It’s a common problem: you’re having serious marital problems – usually problems that have been going on for a long time. You’ve got a painful history of fights, broken promises, mistrust, and anger. And now, your partner wants out. They’re done. You want to save the relationship, and you’re looking for an answer to the question: “How do I get my spouse to fall in love again?” Of course, the real question you’re asking is: “How do I get my spouse to stay here long enough for us to fall in love again?” After all, if they don’t stick around, falling back in love isn’t a likely outcome.
If you’re at the place where you feel like your spouse has fallen out of love with you, the first question to ask is, “How did we get here?” The answers, of course, are rarely easy, but generally couples who have a long history of fighting and unhappiness have lots of reasons why the other person is to blame. I rarely hear people start out talking about what they could have done better in the relationship – it’s always about what their spouse should be doing differently.
Turning the Spotlight on Yourself
So when answering the “how did we get here” question, I encourage you to begin by considering every possible way in which you have contributed to the problem. Every time you disappointed your spouse, every time you spoke harshly, all the times you fought unfairly. This process is not about placing all the blame on you. Instead, the purpose is to stop blaming your spouse and start owning up to your role in the marital problems.
It’s hard for us to look at ourselves honestly and recognize our contribution to a given problem. Ideally, you’d both complete this inventory and consider your responsibility, but if your spouse has one foot out the door, you may have to take the first step. Taking responsibility gives your spouse the signal that you’re no longer interested in doing things the same way. That doesn’t mean you’ll convince him or her to stay, but at least you’ll have made a move to change the dynamic in your relationship.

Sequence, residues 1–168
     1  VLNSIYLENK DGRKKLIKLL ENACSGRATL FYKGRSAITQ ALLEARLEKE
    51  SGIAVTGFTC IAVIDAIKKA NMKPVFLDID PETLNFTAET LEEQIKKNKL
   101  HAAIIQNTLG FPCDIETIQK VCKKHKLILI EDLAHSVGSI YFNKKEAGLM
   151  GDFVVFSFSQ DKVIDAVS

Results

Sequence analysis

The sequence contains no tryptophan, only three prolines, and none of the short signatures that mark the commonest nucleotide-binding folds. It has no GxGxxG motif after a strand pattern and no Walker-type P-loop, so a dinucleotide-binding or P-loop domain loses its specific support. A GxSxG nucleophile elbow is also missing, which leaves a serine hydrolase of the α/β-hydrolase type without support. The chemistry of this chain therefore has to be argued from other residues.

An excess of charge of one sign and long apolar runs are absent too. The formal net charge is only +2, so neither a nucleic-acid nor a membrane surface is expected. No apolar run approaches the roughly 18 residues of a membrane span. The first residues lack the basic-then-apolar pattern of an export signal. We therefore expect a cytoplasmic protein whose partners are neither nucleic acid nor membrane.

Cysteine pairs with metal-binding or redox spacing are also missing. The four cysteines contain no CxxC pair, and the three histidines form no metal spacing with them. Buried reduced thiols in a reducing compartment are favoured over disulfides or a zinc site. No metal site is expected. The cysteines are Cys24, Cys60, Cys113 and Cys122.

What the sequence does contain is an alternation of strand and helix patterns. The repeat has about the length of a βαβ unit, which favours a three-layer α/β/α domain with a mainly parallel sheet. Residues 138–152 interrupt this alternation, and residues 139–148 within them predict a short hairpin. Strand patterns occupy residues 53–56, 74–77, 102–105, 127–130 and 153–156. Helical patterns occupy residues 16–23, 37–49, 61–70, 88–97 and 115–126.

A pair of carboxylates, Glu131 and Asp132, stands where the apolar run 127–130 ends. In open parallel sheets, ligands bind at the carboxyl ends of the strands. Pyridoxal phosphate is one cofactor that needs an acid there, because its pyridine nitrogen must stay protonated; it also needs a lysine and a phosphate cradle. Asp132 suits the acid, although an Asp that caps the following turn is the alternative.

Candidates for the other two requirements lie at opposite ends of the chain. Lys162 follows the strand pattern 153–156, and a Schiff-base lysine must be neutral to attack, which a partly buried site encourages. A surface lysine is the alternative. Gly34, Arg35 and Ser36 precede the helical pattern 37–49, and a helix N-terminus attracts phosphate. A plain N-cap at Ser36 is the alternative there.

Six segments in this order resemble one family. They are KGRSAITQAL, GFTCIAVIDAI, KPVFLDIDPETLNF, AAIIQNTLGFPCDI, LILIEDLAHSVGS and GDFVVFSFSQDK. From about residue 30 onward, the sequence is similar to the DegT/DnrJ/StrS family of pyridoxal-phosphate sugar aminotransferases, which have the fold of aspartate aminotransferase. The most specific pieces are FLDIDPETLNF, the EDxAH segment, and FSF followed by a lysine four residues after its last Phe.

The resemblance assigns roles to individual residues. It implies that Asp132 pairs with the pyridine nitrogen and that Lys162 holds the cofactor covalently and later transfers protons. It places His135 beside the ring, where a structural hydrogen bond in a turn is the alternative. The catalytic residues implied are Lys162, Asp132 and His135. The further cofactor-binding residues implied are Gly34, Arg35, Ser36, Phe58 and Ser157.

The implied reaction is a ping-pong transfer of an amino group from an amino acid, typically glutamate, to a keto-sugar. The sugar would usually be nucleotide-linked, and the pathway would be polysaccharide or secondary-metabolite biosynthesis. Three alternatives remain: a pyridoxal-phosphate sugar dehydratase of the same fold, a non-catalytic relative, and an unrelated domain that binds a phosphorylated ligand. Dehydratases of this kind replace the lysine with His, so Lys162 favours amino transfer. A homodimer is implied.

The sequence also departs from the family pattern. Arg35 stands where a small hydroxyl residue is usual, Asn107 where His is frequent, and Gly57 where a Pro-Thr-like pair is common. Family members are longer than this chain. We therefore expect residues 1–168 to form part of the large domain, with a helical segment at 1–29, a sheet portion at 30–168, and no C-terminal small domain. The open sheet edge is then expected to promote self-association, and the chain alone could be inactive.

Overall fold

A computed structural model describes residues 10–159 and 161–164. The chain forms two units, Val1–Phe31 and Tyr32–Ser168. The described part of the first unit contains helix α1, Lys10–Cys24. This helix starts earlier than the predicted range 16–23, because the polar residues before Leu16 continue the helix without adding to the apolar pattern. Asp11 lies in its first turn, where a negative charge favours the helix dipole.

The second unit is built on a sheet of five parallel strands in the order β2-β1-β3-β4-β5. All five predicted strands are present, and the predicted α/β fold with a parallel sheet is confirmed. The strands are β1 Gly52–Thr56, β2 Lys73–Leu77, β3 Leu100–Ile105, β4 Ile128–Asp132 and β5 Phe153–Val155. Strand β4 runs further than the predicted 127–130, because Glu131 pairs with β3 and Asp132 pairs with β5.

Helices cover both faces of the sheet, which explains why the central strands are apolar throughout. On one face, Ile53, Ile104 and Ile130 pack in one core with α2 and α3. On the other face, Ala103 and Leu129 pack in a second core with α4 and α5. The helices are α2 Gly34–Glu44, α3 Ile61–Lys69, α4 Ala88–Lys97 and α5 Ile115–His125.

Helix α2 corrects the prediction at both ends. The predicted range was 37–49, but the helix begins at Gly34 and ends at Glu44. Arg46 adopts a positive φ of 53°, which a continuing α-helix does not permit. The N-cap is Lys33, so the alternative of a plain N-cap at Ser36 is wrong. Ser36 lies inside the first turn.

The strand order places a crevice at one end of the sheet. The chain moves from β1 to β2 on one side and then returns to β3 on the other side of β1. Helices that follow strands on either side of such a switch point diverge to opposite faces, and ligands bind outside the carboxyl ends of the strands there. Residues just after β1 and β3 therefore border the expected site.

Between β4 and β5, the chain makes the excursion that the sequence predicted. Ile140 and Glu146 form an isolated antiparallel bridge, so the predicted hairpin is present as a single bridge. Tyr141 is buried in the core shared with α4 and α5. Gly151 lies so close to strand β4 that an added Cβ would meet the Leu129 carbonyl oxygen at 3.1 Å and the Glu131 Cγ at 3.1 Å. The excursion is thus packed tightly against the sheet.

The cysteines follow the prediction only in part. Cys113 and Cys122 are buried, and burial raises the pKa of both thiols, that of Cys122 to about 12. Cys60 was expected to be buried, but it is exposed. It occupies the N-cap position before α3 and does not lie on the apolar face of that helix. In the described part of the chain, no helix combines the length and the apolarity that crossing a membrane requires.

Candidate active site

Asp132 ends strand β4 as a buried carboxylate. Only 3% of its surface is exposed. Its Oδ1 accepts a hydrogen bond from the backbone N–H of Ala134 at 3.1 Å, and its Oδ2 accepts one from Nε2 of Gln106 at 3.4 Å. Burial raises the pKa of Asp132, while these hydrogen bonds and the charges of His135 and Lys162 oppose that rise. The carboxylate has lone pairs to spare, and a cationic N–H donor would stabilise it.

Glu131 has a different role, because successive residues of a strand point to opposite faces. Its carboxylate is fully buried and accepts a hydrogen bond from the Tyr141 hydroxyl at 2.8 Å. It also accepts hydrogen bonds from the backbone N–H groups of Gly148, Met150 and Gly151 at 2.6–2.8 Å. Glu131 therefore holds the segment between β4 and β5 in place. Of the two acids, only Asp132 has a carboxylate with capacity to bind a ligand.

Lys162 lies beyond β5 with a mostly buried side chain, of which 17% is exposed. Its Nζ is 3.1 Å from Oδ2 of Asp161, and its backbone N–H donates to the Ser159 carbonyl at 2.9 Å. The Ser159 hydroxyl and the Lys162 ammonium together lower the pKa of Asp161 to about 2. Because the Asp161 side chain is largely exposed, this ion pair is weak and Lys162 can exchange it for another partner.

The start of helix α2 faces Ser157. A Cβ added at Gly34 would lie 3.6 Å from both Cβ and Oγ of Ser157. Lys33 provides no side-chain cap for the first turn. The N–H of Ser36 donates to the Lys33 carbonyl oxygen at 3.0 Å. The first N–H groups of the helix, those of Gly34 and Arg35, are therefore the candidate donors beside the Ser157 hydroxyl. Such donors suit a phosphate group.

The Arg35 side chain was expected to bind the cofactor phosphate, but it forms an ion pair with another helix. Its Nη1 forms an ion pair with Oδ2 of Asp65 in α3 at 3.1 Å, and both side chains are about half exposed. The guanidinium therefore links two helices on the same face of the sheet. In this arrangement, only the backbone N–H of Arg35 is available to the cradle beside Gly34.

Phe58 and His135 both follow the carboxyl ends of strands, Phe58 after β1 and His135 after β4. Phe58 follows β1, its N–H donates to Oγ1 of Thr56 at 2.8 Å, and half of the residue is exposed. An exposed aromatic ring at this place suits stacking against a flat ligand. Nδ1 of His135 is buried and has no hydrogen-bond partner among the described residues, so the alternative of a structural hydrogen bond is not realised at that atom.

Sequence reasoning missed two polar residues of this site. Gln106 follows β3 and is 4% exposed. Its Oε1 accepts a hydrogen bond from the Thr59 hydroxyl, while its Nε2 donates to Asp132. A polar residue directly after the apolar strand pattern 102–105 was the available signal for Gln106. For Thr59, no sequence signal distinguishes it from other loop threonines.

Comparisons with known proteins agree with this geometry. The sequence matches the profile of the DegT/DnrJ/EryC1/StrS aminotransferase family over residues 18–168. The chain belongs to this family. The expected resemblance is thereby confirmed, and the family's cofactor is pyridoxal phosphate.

Therapy May be the Answer
Ultimately, if your relationship has become toxic enough that one or both of you is no longer in love with the other, very likely the best course of action will be to seek out a qualified couples therapist who can help you navigate the process of putting your relationship back together. Very few couples succeed at doing this work on their own. The help of a professional gives you access to additional tools, an independent third party, and the expertise of someone who truly understands the principles of good relationships.
If you need help finding and choosing a couples therapist, read my article on this topic. You can also search for therapists on PsychologyToday.com or GoodTherapy.org. Another great resource is Facebook. Search for couples therapists in your area and visit their Facebook pages to see if you like what they have to say and to get their perspective.